POSTED BY THE VEGAN HUSBAND
It was recently brought to my attention that the veganish way of eating is ruining my life. Not ruining it in the sense that I could no longer use the toilet or remember where I live, but ruined in the same way a diabetic can’t have a Snickers bar. All the fun has been removed from my food.
Everyone is entitled to their opinion so I respect that. While the perception may be that my eating life is stuck in a quinoa quagmire, I have to respectfully disagree. In fact, I am trying to do the opposite of ruining my life. And the seed was planted years before the veganish way of eating took hold.
Sometime in the mid-2000’s, a co-worker’s husband (we’ll call him Bob) was diagnosed with prostate cancer. Prostate cancer is very common for men but also very treatable. According to the American Cancer Institute, over two million men in the US alone are prostate cancer survivors.
Bob underwent several weeks of relatively unobtrusive treatment and became one of the prostate cancer survivors. But here’s the kicker: Bob’s oncologist believed strongly in a link between red meat and cancer. At his doctor’s advice, Bob made significant changes to his meat-and-potatoes diet.
I remember being dumbfounded by this. What kind of doctor makes such a life changing decision for his patient? I don’t remember hearing stories around the water cooler about poor Joe, he survived cancer, but no more cheeseburgers for him. Was this doctor a quack? Where was the data to support his beliefs?
It turns out there is some supporting data. A 2005 European study of almost a half million men and women concluded there was a direct link between red and processed meats with colorectal cancer. It was also in 2005 that T. Colin Campbell’s book, The China Study, was published, which explored the relationship between animal-based diets and diseases, including cancer. More recently, studies have discussed the perils associated with cooking meat at high temperatures. The American Cancer Society’s website indicates that a diet “high in red meats…and processed meats…can increase colorectal cancer risk.”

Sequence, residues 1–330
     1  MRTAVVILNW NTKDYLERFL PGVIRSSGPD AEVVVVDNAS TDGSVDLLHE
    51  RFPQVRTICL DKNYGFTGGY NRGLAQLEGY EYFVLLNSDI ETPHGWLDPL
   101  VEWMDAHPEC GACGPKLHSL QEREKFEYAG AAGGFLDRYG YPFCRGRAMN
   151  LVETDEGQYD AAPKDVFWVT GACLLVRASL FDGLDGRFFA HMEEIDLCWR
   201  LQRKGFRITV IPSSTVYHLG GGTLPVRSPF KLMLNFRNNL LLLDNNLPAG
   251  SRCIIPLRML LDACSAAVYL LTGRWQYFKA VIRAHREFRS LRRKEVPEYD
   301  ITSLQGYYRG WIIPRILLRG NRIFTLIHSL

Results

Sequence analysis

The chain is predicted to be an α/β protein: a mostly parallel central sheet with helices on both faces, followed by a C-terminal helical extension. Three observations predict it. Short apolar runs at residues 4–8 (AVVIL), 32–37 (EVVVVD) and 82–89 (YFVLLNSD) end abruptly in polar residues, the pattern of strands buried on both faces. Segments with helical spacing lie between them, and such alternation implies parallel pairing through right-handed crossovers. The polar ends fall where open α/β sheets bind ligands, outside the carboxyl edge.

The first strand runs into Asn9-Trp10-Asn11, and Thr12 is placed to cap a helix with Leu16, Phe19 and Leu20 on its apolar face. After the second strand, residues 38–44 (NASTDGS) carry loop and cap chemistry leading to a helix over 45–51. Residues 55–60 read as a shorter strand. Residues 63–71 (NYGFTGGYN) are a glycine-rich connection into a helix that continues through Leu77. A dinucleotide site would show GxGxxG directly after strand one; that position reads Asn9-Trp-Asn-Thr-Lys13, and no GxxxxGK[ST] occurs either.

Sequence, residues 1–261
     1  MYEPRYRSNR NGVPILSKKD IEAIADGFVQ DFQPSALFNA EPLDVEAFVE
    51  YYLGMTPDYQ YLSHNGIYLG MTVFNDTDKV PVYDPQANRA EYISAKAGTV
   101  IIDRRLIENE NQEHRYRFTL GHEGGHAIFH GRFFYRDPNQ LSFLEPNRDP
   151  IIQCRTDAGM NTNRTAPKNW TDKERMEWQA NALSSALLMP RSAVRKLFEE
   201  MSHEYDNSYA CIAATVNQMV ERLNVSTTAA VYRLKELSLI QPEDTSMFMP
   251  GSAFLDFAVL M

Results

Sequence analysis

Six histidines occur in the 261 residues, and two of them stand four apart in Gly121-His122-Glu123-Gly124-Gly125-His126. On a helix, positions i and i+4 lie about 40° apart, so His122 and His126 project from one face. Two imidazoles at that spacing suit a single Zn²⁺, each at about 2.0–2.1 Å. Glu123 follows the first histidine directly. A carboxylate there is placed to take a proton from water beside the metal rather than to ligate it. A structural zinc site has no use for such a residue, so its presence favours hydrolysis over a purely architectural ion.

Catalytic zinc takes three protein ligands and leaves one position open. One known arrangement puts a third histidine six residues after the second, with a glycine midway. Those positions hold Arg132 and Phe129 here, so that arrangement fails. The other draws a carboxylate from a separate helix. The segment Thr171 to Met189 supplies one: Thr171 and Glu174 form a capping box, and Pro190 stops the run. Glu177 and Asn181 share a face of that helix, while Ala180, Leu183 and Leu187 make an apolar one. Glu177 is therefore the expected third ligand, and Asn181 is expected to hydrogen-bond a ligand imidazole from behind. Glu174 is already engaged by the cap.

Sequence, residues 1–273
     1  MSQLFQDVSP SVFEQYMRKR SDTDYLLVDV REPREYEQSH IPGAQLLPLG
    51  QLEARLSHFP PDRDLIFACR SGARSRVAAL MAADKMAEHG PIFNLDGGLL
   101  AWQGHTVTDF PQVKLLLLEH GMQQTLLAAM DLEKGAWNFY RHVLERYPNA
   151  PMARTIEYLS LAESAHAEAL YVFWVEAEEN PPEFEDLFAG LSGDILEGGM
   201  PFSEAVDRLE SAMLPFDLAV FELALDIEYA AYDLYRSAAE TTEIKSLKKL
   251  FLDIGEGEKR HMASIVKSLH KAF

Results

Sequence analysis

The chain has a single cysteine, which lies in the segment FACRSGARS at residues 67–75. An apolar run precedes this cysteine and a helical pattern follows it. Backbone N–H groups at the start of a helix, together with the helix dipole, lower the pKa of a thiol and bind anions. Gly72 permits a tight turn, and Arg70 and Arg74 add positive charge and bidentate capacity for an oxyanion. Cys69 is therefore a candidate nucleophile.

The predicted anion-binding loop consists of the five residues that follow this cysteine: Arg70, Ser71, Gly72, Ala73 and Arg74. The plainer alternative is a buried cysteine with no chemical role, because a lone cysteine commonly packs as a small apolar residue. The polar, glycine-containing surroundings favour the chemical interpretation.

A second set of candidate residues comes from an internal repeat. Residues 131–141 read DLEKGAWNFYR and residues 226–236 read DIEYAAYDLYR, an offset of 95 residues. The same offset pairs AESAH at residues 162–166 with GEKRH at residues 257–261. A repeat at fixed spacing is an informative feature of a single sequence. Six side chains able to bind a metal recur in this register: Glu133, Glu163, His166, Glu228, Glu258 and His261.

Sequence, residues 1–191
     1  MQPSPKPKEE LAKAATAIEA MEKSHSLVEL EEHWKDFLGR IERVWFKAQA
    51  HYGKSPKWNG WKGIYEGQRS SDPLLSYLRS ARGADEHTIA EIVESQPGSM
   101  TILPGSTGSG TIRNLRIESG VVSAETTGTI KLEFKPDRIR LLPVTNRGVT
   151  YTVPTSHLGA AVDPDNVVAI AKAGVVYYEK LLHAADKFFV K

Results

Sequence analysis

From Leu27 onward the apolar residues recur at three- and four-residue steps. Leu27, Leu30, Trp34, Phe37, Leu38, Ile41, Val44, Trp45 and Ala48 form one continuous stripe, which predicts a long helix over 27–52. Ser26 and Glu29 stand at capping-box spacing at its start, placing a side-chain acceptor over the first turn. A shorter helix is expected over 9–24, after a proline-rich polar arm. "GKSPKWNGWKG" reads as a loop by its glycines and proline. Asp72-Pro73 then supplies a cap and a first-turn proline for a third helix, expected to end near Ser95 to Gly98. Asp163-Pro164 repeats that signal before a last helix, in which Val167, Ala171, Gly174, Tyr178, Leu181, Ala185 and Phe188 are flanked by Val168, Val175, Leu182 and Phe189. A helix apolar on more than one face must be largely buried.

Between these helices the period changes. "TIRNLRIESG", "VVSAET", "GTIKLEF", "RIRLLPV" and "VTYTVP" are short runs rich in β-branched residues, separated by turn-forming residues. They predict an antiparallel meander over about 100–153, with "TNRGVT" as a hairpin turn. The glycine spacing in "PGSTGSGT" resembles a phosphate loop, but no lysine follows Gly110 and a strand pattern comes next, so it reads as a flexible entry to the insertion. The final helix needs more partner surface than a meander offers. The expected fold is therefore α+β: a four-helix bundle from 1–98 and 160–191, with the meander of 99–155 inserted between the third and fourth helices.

But, whenever a study is done, you will find no shortage of detractors ready to poke holes in the results. Men’s Health magazine, in April of this year, refuted five food myths, and concluded “no study has ever found a direct cause-and-effect relationship between red-meat consumption and cancer.” The same article did, however, advise eating around the burnt or overcooked parts of your steak.
But, enough with the data. Back to me and my ruination. When Bob was going through his treatments, my father was roughly halfway through his own ten year battle with non-Hodgkins lymphoma, a cancer that you can only beat back for so long. Growing up, when we didn’t have a roast on Sunday, we had steak on the grill. Red meat was not lacking from my diet.
Bob, my Dad, and Bob’s mostly meatless diet started to weigh on my mind. Gradually, I started passing up opportunities to eat meat. At the family barbecues. At the occasional restaurant trips. The rare, er, infrequent trips to McDonalds for lunch went away. When we had chili at home, I opted for ground chicken or turkey.
In recent months, I’ve added a few dairy products to the vegan hit list. If I can’t taste the cheese in a certain dish, why even have it in there? And, where our freezer used to have multiple kinds of ice cream novelties, we now have freeze pops.
But don’t worry about me totally abandoning the occasional processed treat. There was one thing I picked up from reading the cancer data, and it also happened to be one of my Dad’s favorite axioms. I think it would serve everyone well, whether they are veganish or not. Everything in moderation.
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